MONTREAL - Petteri Nokelainen didn't learn that he would play his third straight game until after pregame warm-ups last night.
Nokelainen's 50th game of the season triggered one of the criteria for the Islanders, who traded the center to the Bruins in September, to receive a conditional second-round pick in 2009. New York will get the pick if Nokelainen appears in 90 total contests this season and next.
Based on Nokelainen's actions in last night's second period before 21,273 at Bell Centre, the Bruins might not complain about forking over a second-rounder.
With his team down, 2-1, and in danger of dropping its eighth straight game in regulation against the Canadiens this season, Nokelainen rolled over the boards when David Krejci came for a change and sprinted straight for the danger area in front of the Montreal net. Nokelainen arrived just in time to deflect Mark Stuart's pass past goalie Carey Price, helping the Bruins score 1 precious point in a game it would lose in a shootout.
"He's been in and out of the lineup," coach Claude Julien said of the fourth-line center. "When he comes in, he seems to do some things. He's a young player that still needs a lot of work. We're patient with him. If there's one thing he's given us, it's a good effort every night. His effort tonight was rewarded with a goal by going to the net the way we want the rest of the team to do it. There's certainly a good example there."
Montreal captain Saku Koivu scored the only goal in the shootout to give Montreal a 3-2 victory, but for the Bruins to gain 1 point after seven straight regulation setbacks to Les Glorieux was an accomplishment. The Bruins are tied for seventh place in the Eastern Conference with Philadelphia (Boston owns the tiebreaker), 2 points ahead of No. 9 Washington.
"Better than nothing," said P.J. Axelsson, who turned heads when he engaged agitator Maxim Lapierre in a first-period fight. "We played hard. I guess we have to take the point. It would have been nice to get 2."
In the shootout, Zdeno Chara thudded a slapper off the pads of Price, Phil Kessel rang a wrister off iron, and Dennis Wideman, shooting for the first time this season, tried a stop-and-start move that he failed to convert when he couldn't lift a backhander over the Montreal goalie.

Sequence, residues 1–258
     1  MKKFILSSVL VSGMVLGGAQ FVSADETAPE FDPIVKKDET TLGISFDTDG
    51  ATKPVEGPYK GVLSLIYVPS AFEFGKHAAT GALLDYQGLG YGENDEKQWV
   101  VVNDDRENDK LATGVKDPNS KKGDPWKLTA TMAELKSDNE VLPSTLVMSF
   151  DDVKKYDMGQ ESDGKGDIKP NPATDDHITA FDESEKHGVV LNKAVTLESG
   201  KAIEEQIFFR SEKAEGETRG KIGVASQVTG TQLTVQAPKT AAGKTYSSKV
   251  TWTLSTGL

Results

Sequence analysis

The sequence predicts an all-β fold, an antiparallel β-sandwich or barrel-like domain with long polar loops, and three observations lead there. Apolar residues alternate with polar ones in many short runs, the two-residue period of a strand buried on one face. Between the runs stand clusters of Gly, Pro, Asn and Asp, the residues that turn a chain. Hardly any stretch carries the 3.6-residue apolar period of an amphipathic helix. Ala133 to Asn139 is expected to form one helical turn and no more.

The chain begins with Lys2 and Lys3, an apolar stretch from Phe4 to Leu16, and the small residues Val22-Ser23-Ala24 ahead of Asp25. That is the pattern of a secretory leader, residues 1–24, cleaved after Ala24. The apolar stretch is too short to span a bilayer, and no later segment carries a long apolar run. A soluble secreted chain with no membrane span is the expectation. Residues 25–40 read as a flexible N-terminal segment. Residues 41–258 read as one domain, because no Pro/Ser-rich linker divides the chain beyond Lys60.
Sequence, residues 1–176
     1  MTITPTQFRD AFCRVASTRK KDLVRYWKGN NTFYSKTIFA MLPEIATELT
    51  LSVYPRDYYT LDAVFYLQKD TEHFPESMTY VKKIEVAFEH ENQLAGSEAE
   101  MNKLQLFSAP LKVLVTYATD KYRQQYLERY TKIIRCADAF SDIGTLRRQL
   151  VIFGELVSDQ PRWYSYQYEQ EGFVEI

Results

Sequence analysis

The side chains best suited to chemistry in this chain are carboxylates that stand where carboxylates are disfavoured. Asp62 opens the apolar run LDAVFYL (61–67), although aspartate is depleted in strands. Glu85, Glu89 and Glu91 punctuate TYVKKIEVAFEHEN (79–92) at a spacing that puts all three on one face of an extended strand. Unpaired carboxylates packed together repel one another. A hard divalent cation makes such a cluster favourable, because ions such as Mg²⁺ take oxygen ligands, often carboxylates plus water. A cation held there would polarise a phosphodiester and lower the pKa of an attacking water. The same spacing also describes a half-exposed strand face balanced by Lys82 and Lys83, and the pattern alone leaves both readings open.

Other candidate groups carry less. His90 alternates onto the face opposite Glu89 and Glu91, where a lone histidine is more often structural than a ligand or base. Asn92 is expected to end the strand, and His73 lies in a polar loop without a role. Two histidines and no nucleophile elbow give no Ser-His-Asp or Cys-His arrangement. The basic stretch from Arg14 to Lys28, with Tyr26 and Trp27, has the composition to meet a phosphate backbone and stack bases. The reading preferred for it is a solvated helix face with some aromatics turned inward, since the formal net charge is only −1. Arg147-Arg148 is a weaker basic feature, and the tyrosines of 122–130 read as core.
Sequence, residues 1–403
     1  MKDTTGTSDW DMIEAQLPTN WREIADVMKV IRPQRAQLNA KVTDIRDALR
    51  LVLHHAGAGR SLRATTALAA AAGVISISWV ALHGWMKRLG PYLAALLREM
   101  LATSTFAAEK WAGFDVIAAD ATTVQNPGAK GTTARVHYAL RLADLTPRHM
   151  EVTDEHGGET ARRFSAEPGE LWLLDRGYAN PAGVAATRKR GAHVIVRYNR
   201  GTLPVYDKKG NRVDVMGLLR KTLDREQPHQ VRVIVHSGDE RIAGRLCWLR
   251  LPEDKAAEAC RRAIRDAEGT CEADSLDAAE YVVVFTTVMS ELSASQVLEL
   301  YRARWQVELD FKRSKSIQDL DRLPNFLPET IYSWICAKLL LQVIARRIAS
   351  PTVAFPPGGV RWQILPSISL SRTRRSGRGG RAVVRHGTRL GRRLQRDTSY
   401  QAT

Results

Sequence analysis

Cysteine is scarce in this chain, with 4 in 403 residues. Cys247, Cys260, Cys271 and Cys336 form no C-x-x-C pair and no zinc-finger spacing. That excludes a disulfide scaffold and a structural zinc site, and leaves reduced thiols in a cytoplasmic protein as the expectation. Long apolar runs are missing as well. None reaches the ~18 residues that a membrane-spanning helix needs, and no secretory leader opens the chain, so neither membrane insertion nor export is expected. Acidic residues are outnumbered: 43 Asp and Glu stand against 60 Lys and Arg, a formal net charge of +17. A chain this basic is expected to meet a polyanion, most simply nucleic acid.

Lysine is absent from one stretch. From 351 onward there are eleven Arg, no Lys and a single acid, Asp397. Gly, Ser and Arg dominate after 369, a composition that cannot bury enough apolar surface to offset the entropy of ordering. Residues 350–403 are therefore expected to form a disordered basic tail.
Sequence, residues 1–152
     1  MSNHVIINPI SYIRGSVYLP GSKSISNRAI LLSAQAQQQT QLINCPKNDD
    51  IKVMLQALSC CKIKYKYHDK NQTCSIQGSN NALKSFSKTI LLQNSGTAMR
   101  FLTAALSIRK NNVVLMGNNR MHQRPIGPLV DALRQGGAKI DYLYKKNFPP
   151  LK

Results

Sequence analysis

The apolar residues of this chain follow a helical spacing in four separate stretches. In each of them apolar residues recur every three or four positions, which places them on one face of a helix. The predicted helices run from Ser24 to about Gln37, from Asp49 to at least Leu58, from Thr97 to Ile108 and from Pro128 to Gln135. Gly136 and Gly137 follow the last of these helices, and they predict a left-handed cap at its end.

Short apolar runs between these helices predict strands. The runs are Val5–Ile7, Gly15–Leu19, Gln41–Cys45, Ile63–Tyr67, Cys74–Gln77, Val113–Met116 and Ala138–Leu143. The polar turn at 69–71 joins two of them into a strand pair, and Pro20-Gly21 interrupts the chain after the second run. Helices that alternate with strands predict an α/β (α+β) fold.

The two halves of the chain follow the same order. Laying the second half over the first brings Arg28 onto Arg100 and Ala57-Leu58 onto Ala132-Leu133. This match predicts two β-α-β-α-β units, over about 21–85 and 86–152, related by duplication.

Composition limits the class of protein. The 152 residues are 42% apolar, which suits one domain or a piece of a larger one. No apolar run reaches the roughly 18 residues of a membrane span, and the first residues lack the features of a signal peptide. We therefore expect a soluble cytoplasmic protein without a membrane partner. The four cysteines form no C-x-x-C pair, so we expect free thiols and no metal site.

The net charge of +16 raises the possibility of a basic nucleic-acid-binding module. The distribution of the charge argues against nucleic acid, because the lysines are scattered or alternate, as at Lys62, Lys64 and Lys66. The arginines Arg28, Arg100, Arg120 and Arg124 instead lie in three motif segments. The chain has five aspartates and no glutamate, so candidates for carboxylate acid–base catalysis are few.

On the other end, Tim Thomas foiled Mark Streit and Alex Kovalev, Montreal's first two shooters, but couldn't get all of Koivu's winning backhander.
"I got a pretty good piece of it," said Thomas (29 saves), who stoned Koivu in the third period to keep the score tied. "I was hoping it was trapped under my leg. But, obviously, the crowd lets you know.
"Then to add insult to injury, I step on the puck when I'm trying to get off the ice."
On Thursday, Thomas allowed Kovalev to score the game's first goal ("harmless backhand," Julien called the shot) in Boston's 4-2 loss. Alex Auld had allowed only six goals in his last five starts, but Julien turned to Thomas again last night. The Canadiens put two of their 12 first-period shots past Thomas (goals by Andrei Markov and Andrei Kostitsyn), but the netminder stopped every shot in the final two periods and overtime.
"He responded well and played a solid game," said Julien. "We have confidence in both our goaltenders. Right now, they're both playing well.
"You go with your gut feeling. You always hope they make you look good. I'm going to stand here and say Timmy made me look good tonight, because he played an excellent game."
Marc Savard, given new wingmen in Marco Sturm and Chuck Kobasew last night, entered the match in a four-game scoring slump, his longest drought since he scuffled through a four-gamer in 2001-02 while playing for Calgary. Savard busted his scoreless string by stuffing a wraparound into the net at 8:36 of the first period. It was his first goal since Feb. 19.
However, Savard was injured in the third period during Boston's fifth power play. Penalty-killer Steve Begin, who blasted Shane Hnidy with an open-ice belt earlier in the period ("Clean hit," said the Boston defenseman), cranked Savard with a cross-check in the back. Savard hit the deck, got up slowly, and skated to the bench, where trainer Don DelNegro held an ice pack to the center's back. Savard didn't return for overtime and went to the dressing room with help from Glen Metropolit before the shootout.
After the game, Savard spoke softly and appeared to have trouble taking deep breaths.
"We tried our best and came up a little short," said Savard. "We got a point and we're back in seventh place. Something to build off of."